Purring, a gentle vibration that domestic cats make as they breathe in and out, is unique to cats and cat-like animals. Cougars, cheetahs, and some other big cats also purr; so do civets, genets, and mongooses. But why do cats purr?
“It’s one of those behaviors that we mostly understand, but not quite,” he said. Mikel Delgado, (opens in a new tab) a certified feline behavior consultant at Feline Minds, told Live Science. “The purring is probably reflexive, like breathing.”
The comfortable murmur of a cat’s purr is one of life’s little joys for cat owners. But is that also true for the cat? Yes, cats usually purr when they feel good. Whether sitting on your lap or lying in the sun, a purring cat is usually a happy cat.
“Ninety percent of the time, purring is positive,” Delgado said. “It means that your cat is experiencing pleasure. He is happy, content and feels safe.”
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Other reasons why cats purr
But research suggests that cats purr for other reasons, too. One is related to survival. Kittens are born blind and deaf; They begin to purr a few days after birth. In the wild, purring is safe because it is silent, so predators are unlikely to hear a kitten purr.
At first, purring helps kittens stay close to mother cats, Dr Kate Anderson (opens in a new tab), a veterinarian and professor at Cornell University, told Live Science. “They actually find their mother purring, and their mother controls them and then purrs back,” Anderson explained.
Kittens also purr while nursing. “The purr can even bond between the mother and the kittens,” Delgado said.
Cats continue to purr when they grow up. “They will purr with another cat they are friends with,” Anderson said.
Cats often purr while grooming each other, when “there’s some nurturing behavior going on,” Delgado said. Domestic cats purr around humans and family dogs. Cats also purr while resting, eating, or enjoying time alone.
Also, cats can purr to get what they want. Most of the time, Delgago said, the purring is a reflex; but purring can also be intentional. According to a 2009 study in the journal current biology (opens in a new tab)cats use a specific “purr of request” to beg for food or push humans out of bed. This purr is mixed with higher frequencies that sound a bit like a baby crying. “When humans hear cats purr loudly using a request purr,” Anderson said, “they see it as urgent.”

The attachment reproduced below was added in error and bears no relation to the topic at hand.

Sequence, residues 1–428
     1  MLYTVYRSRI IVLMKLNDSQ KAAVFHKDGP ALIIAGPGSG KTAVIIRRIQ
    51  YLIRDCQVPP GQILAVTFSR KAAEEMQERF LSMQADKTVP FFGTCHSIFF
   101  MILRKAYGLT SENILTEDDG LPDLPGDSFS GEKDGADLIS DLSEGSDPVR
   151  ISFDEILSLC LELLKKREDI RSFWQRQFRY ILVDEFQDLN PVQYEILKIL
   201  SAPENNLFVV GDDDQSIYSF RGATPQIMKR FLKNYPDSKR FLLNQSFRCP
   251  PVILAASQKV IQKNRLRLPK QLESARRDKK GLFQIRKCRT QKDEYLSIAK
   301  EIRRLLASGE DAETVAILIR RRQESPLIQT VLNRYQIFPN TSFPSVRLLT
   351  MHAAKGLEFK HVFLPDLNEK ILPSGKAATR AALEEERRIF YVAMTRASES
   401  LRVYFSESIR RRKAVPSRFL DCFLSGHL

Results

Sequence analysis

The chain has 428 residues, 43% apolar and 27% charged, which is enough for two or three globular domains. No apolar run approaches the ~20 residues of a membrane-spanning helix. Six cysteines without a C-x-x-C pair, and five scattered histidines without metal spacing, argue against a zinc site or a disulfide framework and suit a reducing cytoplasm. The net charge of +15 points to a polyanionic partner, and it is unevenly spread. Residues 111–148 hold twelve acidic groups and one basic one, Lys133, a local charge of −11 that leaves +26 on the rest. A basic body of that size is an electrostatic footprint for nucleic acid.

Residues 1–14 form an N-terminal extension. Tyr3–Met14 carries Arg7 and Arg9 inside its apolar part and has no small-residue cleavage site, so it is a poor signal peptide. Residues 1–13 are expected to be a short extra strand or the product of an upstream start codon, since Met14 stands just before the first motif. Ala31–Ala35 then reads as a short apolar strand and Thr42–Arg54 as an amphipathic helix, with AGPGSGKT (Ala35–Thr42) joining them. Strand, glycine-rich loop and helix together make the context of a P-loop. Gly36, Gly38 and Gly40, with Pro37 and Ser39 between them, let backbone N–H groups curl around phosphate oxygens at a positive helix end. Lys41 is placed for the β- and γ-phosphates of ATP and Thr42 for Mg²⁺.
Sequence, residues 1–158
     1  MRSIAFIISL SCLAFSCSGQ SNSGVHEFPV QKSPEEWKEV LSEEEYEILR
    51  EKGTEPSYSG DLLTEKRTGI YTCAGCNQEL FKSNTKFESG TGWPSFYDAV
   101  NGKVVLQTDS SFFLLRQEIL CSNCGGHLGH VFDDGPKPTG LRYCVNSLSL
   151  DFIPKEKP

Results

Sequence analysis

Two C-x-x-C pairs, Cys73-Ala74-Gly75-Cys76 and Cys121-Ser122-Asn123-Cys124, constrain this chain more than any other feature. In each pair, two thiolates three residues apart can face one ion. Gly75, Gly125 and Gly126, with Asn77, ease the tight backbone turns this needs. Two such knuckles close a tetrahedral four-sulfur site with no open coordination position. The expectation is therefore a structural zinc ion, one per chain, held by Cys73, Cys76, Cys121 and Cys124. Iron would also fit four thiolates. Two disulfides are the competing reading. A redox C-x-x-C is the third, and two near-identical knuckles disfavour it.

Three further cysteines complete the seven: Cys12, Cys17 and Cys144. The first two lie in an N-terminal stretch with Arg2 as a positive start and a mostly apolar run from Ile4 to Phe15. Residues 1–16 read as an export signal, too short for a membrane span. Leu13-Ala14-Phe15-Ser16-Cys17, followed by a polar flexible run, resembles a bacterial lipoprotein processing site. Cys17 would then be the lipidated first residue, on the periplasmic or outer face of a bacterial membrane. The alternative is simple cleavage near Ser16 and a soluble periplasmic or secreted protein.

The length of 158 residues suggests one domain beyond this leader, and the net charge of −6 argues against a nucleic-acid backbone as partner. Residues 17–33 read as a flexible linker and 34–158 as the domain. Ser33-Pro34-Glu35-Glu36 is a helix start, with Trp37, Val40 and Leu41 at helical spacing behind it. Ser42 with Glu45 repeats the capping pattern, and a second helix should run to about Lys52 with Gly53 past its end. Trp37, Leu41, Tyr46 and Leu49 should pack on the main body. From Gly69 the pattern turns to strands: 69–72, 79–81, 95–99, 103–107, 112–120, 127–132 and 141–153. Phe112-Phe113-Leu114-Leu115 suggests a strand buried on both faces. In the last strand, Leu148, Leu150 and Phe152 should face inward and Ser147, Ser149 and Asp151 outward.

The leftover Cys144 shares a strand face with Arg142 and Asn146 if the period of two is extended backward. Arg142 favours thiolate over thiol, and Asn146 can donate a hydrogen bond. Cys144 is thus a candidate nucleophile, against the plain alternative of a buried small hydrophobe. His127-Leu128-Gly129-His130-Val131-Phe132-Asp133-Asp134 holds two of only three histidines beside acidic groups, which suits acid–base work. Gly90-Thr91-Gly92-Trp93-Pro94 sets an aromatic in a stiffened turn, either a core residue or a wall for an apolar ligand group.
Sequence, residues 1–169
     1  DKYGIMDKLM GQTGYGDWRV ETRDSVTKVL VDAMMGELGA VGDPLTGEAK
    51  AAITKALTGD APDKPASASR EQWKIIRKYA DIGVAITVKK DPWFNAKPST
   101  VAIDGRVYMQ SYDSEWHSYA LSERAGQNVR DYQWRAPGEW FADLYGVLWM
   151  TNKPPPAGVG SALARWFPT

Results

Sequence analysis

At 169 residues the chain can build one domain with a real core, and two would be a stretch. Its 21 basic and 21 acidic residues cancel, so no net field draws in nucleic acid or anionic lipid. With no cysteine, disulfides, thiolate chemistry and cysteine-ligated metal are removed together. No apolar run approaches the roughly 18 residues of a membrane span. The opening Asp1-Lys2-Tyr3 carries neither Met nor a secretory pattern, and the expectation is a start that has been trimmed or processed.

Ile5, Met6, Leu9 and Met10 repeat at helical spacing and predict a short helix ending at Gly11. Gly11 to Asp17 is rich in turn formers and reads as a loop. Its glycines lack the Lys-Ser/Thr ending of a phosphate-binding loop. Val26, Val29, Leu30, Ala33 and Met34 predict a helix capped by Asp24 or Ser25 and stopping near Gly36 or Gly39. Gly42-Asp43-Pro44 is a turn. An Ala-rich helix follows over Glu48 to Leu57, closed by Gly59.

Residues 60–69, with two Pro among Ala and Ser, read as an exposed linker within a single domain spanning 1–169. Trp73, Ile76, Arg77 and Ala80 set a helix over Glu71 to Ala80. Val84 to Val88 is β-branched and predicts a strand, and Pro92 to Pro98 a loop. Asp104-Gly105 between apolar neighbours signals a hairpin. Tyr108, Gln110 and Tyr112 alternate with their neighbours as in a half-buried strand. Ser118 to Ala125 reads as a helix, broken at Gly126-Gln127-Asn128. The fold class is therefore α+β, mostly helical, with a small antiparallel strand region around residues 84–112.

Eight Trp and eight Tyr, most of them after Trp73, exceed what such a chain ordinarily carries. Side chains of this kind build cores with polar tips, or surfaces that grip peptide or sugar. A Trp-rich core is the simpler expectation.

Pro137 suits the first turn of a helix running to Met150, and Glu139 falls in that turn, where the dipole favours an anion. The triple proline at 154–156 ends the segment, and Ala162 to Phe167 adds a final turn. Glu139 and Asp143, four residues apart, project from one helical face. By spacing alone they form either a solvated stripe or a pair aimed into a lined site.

Although cats usually purr when they are happy; that is not always the case. Sometimes they purr when stressed, Delgado said.
“I had a cat that used to purr at the vet office, and my cat definitely didn’t like going to the vet!” Delgado said. “So that was kind of a stress response.”
Anderson has treated many injured and purring cats; she also believes that purring can be a coping mechanism, as it can help calm them down when they’re sick, scared, or dying.
One idea is that purring can help cats heal. A 2001 study in The Journal of the Acoustical Society of America (opens in a new tab) noted that cats purr at frequencies between 20 and 150 hertz, which are similar to the frequencies used in human treatments (opens in a new tab)for bone growth and muscle pain.
But there is no hard evidence to support or refute this idea, Delgado said. “There has never been a study of cat purrs to suggest that they have magical healing powers,” he said. “But it could be something comforting.”
So how can cat owners tell which purr is which? “You have to be a bit of a detective,” Delgado said. Depending on the context, a cat owner can make a good guess as to why their cat is purring.
If a cat is healthy, the next clue to what a purr means is body language, Delgado said. Does the cat look happy and relaxed? If so, the answer is probably, “Yes, your cat is enjoying this moment with you.”